I am down to two houses now because I don't plan on staying in this area. When I decide where to relocate I will start again because it is a great source of extra income for my retirement.
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Old 12-30-2007, 11:09 AM
 
Location: Forests of Maine
30,722 posts, read 49,538,109 times
Reputation: 19162
Quote:
Originally Posted by NorthmeetsSouth View Post
I beg to differ. I wouldn't have rented them out if they had a negative cash flow. Mine had anywhere from $150 month to $500 per month positive cash flow, so when I had five of them at the same time they were producing about $1,500 per month. Sometimes the tenants buy them, and sometimes I choose to not renew the lease so that I can try to sell it (depending on the market) and then I am able to take the profit from the renovation.
I am down to two houses now because I don't plan on staying in this area. When I decide where to relocate I will start again because it is a great source of extra income for my retirement.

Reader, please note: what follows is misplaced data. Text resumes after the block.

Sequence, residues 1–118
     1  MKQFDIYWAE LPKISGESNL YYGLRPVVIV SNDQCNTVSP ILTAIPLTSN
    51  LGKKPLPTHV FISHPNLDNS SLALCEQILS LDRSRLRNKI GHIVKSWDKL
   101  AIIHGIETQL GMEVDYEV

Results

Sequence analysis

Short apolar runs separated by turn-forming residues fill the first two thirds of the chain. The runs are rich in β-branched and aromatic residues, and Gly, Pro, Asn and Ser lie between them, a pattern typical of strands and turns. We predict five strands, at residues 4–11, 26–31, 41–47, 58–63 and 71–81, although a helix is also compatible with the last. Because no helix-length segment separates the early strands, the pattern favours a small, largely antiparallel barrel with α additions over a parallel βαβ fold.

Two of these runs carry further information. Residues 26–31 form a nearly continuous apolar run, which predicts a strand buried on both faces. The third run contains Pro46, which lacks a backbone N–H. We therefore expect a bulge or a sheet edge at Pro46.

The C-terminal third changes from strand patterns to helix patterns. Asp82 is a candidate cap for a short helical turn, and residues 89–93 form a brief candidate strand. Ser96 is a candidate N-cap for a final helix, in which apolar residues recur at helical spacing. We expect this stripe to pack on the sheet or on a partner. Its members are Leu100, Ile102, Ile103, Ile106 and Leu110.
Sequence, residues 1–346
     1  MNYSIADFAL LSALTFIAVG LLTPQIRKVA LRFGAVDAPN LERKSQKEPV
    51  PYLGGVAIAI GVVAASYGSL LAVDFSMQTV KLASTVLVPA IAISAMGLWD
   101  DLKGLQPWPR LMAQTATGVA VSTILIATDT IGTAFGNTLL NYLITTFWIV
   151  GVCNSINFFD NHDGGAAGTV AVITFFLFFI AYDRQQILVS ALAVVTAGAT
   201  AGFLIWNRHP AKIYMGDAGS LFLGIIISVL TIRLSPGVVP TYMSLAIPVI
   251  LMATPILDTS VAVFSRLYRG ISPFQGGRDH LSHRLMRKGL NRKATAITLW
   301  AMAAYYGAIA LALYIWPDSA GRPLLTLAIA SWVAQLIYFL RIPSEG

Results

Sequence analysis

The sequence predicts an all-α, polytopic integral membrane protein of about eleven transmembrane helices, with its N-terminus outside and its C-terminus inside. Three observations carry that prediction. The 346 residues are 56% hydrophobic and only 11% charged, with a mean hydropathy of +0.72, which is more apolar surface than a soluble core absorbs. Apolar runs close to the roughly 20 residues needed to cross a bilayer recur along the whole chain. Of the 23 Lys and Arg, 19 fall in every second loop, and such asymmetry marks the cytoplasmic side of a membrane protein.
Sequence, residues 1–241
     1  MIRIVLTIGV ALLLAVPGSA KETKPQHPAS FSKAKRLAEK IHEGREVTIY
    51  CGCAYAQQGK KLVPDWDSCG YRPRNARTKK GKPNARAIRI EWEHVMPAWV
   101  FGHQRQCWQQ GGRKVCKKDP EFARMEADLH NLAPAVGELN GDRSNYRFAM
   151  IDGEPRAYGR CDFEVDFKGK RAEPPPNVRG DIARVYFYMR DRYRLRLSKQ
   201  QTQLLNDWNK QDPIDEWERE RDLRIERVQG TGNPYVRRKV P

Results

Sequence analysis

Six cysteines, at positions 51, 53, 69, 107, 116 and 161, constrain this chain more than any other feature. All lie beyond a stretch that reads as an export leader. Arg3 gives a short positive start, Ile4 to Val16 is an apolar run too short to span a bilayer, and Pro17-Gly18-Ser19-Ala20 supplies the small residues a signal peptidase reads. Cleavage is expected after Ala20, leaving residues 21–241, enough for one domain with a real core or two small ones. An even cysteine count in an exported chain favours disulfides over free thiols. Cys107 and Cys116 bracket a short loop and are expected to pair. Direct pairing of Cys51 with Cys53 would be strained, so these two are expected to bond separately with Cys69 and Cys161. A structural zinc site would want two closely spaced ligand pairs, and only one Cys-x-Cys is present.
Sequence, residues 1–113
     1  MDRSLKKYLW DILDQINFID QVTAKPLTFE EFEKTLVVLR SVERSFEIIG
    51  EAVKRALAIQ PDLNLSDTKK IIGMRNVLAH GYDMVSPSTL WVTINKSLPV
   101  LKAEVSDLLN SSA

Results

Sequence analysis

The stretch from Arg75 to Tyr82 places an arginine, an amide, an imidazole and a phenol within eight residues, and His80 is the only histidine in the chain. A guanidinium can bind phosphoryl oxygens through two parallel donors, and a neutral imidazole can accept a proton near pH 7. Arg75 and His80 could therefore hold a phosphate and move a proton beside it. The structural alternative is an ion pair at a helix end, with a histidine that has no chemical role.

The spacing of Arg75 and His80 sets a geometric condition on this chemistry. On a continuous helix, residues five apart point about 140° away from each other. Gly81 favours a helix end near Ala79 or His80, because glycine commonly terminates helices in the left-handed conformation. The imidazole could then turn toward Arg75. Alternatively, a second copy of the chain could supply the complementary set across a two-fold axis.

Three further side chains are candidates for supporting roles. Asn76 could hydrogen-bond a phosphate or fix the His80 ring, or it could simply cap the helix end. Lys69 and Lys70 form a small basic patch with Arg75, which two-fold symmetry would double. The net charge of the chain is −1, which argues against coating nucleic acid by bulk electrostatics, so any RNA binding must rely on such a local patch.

Very good!

Dont forget the tax sheltering too
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Old 01-01-2008, 01:00 PM
 
4,948 posts, read 16,546,726 times
Reputation: 2866
I would either open a roth with Vanguard or fidelity. Then invest in mutual funds they have. You also since you are young have the roth money buy stocks in VZ or ATand T
since they pay a good dividend which would be reinvested tax free.
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Old 01-01-2008, 06:28 PM
 
Location: Nebraska
4,235 posts, read 7,278,410 times
Reputation: 6705
A lot of how to invest your money will depend on what kind of skills and knowledge you have. If you are married and your husband/wife has skills that complement yours you are doubly fortunate. For instance if you are a carpenter or understand how to use hand tools and power equipment investing in "fixer uppers" can be lucrative, especially if the better half can handle the property management and bookkeeping.

If you want to invest that $10,000.00 in the stock market go to your local library read everything you can about investing. Anything by Warren Buffet is a good start. Be very cautious about getting advice from anyone who charges a fee for advice, unless that fee is a percentage of a profit that he steered you toward. Anyone else is just a salesman and his interests may be different than yours. Online stock investing can be very lucrative IF you learn how to do it.

GL2